A maintenance revision was approved at the OMG meeting in November 1999. At that same meeting, the OMG Workflow Working Group (consisting of key WfMC members and OMG members) agreed to integrate their metamodels with extensions to the metamodel for workflow. This will remove the barrier between process and information modeling and will allow modelers to define process and information models that understand each other and potentially be able to do the modeling exercise using one tool.
In the late 1980s, AIIM International was very active in the development of electronic imaging standards. In order to keep pace with the technology, several committees were established to address the three major aspects of imaging:
• Input: how to get the paper documents converted.
• Output: how to get them onto paper or distributed to others.
• Software and systems: how should we index the images to find them later.
AIIM has made available a number of standards in this area that provide specifications for quality control of image scanners, file formats, indexing of page zones, indexing elements for retrieval of the images, verification of stored data, electronic folder interchange, and scanner APIs. There are a number of technical reports that help users to understand how to use imaging for public records, how to purchase and implement an electronic imaging system, and how to make sure images are legally acceptable records.
The Pace of Things To Come
While the pace of imaging technology and the development of electronic imaging standards has slowed since the early 1980s, there is still an opportunity for some standards to be developed, especially in the areas of quality and archiving. As imaging expands to the Internet and enterprises implement the use of color imaging to provide a more accurate representation of the documents, we can expect to see activity in the development of imaging standards increase.
In September 1999, AIIM initiated a study group to begin exploring standardization needs for color imaging. This study group will hold another meeting at AIIM 2000 (April 9-12, 2000) in New York to further their discussions. Additionally, the AIIM Electronic Imaging committee will explore the need to develop additional standards in the quality area and recommended practices for the operation of imaging systems to benefit end users who are implementing imaging and service companies that are converting documents to images.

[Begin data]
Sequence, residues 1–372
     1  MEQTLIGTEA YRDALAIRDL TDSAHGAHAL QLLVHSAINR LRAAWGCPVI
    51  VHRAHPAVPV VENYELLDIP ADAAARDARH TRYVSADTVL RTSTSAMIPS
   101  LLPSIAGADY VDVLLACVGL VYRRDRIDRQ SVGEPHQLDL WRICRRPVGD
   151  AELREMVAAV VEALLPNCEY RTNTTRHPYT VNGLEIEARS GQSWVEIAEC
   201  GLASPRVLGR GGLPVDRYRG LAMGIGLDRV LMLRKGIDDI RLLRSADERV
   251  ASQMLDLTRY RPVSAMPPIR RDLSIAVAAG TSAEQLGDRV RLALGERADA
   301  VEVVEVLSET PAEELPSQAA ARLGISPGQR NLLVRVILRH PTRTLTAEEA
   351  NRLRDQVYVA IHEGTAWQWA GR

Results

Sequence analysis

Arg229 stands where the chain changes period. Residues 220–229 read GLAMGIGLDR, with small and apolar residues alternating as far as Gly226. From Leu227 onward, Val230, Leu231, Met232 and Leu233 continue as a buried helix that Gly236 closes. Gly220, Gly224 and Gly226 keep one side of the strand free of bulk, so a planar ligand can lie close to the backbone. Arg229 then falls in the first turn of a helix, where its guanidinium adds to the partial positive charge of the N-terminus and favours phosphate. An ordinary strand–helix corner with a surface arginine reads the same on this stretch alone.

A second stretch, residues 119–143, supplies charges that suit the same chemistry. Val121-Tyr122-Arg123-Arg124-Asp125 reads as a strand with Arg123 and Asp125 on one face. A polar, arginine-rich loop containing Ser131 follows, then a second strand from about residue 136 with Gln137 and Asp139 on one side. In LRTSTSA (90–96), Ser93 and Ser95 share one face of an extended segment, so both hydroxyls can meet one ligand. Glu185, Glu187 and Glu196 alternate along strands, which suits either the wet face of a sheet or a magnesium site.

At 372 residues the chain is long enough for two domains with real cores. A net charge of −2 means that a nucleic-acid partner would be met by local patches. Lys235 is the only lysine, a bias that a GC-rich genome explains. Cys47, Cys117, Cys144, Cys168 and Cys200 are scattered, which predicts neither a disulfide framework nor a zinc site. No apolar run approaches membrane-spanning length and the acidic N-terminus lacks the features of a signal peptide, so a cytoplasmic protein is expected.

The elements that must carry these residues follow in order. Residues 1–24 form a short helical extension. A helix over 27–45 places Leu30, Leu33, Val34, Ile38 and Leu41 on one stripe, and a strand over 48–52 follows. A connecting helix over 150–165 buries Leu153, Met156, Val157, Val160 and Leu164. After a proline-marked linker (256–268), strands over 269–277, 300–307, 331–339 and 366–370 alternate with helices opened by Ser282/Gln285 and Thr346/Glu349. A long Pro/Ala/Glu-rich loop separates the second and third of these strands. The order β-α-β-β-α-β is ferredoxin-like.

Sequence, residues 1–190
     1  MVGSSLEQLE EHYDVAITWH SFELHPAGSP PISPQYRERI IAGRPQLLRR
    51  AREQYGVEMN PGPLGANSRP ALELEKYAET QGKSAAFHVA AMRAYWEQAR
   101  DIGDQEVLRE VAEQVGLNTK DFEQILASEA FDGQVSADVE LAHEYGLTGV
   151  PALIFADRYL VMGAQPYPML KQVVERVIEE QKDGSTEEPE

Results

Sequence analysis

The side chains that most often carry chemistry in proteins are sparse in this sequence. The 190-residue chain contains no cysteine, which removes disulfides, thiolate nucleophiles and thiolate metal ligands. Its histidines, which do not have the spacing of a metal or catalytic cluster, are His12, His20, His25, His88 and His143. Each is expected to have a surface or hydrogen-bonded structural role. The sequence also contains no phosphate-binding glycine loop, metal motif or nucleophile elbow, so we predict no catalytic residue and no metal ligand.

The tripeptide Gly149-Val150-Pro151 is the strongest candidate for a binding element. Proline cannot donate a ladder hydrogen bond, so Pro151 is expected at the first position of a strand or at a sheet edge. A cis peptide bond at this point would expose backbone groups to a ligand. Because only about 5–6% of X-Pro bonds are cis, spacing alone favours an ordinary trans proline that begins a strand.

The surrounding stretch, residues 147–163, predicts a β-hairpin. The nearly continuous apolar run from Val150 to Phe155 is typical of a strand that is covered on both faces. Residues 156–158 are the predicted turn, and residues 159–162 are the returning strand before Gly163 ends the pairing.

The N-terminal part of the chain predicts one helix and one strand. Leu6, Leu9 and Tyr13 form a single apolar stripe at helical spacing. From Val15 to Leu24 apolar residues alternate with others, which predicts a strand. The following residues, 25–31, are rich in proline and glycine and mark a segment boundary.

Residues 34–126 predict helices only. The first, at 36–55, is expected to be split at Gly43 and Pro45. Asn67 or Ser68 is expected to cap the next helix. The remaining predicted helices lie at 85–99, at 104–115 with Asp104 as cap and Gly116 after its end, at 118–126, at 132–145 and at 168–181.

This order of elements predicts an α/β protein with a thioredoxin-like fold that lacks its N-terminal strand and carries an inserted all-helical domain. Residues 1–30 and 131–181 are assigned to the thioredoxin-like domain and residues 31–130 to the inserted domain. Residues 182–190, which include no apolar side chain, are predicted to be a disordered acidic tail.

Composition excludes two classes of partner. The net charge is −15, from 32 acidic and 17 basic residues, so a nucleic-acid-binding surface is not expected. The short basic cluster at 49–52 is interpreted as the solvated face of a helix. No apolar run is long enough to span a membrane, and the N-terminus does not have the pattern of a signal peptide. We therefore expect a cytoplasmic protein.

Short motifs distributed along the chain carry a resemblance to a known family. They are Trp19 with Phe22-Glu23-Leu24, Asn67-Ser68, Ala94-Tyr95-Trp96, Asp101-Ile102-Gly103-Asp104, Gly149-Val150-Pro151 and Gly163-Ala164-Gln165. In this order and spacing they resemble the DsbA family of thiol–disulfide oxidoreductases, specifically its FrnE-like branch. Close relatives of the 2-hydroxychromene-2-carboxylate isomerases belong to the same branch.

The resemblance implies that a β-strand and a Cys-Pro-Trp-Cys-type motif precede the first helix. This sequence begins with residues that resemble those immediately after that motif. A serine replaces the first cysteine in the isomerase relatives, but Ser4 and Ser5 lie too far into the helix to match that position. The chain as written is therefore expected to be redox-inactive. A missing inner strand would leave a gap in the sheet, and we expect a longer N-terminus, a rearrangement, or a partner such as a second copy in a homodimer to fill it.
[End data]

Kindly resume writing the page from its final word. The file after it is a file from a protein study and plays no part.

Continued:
These workflow and imaging specifications and standards have been successful because they establish a common language that is critical in establishing processes and acquiring equipment, software and services needed to implement technology in an enterprise. In the workflow area, the specifications have allowed true interoperability between vendor products, so that a user or system integrator can implement a best of breed system that businesses truly need. These standards and specifications allow enterprises to more easily and effectively implement workflow and imaging while allowing the market to grow.
Although there are completed standards and specifications for workflow and imaging, there is still work to be done. Users and technologists need to demand and use products that comply with the available standards and specifications to protect their technology investment and allow multiple workflow products to operate seamlessly in the enterprise.
In doing this, they are bringing an awareness of the need of standards to the vendors. Vendors need to be aware of the standards that exist; get involved in the development of them and any extensions to them; and implement them in their products.
A vendor’s involvement in the development of standards and specifications helps to shape the industry. The bottom line in making the business successful is through a commitment to industry standards.
– Betsy Fanning, Manager Standards Program